In This Section

4C Partners

Deutsche National Bibliothek
Keep Solutions
National Library Estonia
The Royal Library
Statens Arkiver
UK Data Archive
University of Glasgow

How do I get to where I want to be (starting from Lisbon and going via Frankfurt)? by Paul Stokes

Paul Stokes-smallIn my previous blog I talked about how much of the business of the 4C project is carried out virtually.  Well recently we had a rare face to face meeting with most of the partners gathered around a large table for one day (which turned into two days because of the associated side meetings) of intense activity in Frankfurt.  Don’t worry.  I’m not going to publish a blow by blow account of what went on there; partly because it hasn’t been fully written up yet, and, more importantly, because there just isn’t space (the action list on its own came out as four pages long) and most readers haven’t got the time or the patience to digest it even if there was space).  Instead, I’m going to pick out a few themes.

The main purpose of the meeting was (to quote the abstract from the agenda) “To review progress made on the project; to address any problems or challenges that have arisen; to get reach a shared understanding about the work that needs doing; to discuss and agree changes that we may need to introduce into the workplan”.  In my mind this translated as “What have we done right, what can we do better, and what do we do next that we may not have thought of before?”

The “what have we done right?” bit was, in the end, easy to encapsulate.  We’ve been communicating…   …big time.  We’re not stand offish.  If you’re interested in digital curation (and in particular the costs associated with digital curation) we want to talk to you1 (and in many case we already have).  As has been mentioned many times before on this web site, in particular by Sarah Norris, and elsewhere, Communication is key.  Sarah was also the driving force behind the first official deliverable of the project, the superlative D2.5 - Project Communications Plan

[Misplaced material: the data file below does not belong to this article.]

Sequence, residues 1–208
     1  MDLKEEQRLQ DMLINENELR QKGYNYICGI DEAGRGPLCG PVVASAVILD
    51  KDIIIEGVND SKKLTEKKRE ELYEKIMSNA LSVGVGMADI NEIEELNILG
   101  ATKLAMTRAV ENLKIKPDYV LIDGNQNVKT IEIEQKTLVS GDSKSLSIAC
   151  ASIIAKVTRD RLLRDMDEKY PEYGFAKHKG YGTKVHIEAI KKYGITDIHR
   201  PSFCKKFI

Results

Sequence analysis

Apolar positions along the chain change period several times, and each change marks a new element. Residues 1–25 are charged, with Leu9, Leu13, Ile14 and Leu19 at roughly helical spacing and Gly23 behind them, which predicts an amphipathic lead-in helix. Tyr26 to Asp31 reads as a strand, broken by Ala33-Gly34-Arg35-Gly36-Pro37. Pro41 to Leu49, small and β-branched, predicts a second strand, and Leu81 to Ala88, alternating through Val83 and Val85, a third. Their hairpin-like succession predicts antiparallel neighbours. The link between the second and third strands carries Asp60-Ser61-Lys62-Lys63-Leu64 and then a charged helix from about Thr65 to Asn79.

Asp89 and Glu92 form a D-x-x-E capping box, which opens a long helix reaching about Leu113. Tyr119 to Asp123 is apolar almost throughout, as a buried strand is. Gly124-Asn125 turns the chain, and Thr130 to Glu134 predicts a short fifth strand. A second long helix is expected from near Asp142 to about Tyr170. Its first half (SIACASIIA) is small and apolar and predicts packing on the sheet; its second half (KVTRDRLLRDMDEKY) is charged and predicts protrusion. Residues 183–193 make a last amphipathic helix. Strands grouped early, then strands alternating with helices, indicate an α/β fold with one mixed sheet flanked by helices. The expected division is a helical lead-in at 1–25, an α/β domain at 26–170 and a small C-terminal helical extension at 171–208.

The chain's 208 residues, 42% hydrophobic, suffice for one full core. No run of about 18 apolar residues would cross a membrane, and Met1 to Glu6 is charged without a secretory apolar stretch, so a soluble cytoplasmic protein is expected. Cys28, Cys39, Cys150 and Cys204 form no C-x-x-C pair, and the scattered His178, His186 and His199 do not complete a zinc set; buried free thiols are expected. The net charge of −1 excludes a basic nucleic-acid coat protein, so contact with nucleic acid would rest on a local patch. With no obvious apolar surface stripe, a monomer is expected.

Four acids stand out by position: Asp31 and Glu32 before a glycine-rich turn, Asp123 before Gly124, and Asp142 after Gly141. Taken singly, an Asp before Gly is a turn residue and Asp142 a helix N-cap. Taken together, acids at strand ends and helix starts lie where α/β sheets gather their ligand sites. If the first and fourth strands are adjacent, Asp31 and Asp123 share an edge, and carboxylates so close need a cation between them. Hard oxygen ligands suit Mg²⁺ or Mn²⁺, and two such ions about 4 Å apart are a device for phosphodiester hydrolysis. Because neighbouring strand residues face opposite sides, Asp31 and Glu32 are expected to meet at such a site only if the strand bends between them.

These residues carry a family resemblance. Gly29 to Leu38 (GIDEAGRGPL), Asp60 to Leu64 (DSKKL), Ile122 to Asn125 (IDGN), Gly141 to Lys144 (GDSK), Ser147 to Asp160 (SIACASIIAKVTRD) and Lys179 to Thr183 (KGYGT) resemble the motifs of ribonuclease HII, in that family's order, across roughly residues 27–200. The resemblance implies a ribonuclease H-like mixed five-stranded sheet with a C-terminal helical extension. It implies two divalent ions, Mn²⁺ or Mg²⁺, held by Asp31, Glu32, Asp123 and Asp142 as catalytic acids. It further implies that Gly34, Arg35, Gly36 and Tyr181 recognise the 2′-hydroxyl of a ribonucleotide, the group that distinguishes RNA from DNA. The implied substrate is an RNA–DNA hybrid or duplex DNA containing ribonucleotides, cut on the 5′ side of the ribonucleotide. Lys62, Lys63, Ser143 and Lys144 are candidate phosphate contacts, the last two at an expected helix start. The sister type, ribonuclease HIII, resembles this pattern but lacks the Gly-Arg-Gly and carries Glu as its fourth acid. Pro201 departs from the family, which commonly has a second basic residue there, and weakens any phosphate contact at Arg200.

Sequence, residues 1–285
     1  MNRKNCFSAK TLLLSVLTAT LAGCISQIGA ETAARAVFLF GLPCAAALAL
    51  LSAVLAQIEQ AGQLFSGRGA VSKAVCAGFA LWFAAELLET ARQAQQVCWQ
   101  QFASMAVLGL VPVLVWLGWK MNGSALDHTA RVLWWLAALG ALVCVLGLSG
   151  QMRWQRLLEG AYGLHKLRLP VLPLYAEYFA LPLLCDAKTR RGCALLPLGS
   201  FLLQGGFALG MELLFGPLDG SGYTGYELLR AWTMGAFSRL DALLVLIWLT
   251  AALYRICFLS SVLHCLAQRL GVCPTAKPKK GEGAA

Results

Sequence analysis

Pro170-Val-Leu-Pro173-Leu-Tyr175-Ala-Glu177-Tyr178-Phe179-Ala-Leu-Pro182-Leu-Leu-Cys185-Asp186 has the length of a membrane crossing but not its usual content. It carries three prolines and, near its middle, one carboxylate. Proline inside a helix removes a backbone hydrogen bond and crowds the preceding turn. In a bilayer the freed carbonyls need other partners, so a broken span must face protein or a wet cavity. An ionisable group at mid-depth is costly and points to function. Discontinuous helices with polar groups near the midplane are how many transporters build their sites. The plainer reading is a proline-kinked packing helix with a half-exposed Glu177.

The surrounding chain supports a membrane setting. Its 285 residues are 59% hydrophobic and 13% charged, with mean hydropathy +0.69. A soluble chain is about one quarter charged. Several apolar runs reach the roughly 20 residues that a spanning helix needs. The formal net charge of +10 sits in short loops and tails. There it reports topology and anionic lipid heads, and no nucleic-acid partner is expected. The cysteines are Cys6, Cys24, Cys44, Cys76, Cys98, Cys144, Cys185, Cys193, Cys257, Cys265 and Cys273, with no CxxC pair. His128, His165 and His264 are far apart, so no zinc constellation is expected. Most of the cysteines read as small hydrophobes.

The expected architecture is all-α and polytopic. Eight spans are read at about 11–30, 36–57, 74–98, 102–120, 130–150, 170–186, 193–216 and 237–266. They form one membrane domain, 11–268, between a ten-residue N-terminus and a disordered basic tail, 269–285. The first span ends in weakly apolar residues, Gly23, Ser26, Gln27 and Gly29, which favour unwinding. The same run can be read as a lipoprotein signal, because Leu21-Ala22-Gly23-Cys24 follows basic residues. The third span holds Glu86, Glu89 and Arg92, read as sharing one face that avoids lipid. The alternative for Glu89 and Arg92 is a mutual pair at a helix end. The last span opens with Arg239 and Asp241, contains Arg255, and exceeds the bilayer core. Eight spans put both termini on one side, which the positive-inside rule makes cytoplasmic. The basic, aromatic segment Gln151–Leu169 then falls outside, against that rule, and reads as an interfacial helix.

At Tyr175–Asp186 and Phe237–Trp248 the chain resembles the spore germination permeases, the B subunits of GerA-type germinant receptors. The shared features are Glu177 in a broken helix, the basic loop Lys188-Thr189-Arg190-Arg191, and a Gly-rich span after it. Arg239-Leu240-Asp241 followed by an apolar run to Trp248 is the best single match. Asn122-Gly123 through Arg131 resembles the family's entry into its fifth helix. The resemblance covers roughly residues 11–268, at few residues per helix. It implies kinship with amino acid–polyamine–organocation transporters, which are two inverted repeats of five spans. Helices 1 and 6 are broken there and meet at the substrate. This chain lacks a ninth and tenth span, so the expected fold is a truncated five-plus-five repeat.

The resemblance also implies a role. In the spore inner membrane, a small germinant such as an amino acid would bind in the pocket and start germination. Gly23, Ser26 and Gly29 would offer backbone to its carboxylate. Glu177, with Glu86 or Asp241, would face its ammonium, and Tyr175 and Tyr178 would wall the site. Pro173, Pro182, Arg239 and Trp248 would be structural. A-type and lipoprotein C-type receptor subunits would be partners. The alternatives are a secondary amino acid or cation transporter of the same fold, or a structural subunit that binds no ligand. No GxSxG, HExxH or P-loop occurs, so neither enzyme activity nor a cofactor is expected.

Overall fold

We’ve also been liberally sharing information internally allowing Alex Thirifays to produce the truly magnificent MS7 - Information Dependency Profile and MS7 - Information Dependency Profile - Annex upon which we, who are involved with the day to day running of the project, gaze with awe.

As far as the “do better” aspect was concerned we decided that we should be consistent with our messages (which, to be fair, was an attribute of the project that we had intended to clarify at this stage all along), we should invite the community in more to help us encapsulate our thinking (rather than be passive recipients of our words of wisdom) and we should use our management tools in a “smarter” way; better use of lists, collection of information at the appropriate level of detail, archiving, and so on.

On the “do next” front, it wasn’t quite “Keep Calm and Carry On”.  We had a lot to talk about including the project glossary, methods and targets for gathering costs data, the nature of various outputs (in particular the Curation Costs Exchange—known by the team as “the CCEx”—and Indirect Economic Determinants—IEDs).  These will form the subjects of other blogs in the not too distant future so I won’t go into detail here.

There was, however, one aspect of the discussions we had that is in the forefront of my consciousness, particularly because it’s on my personal list of things to deliver, namely the Roadmap (deliverables D5.1 and 5.2).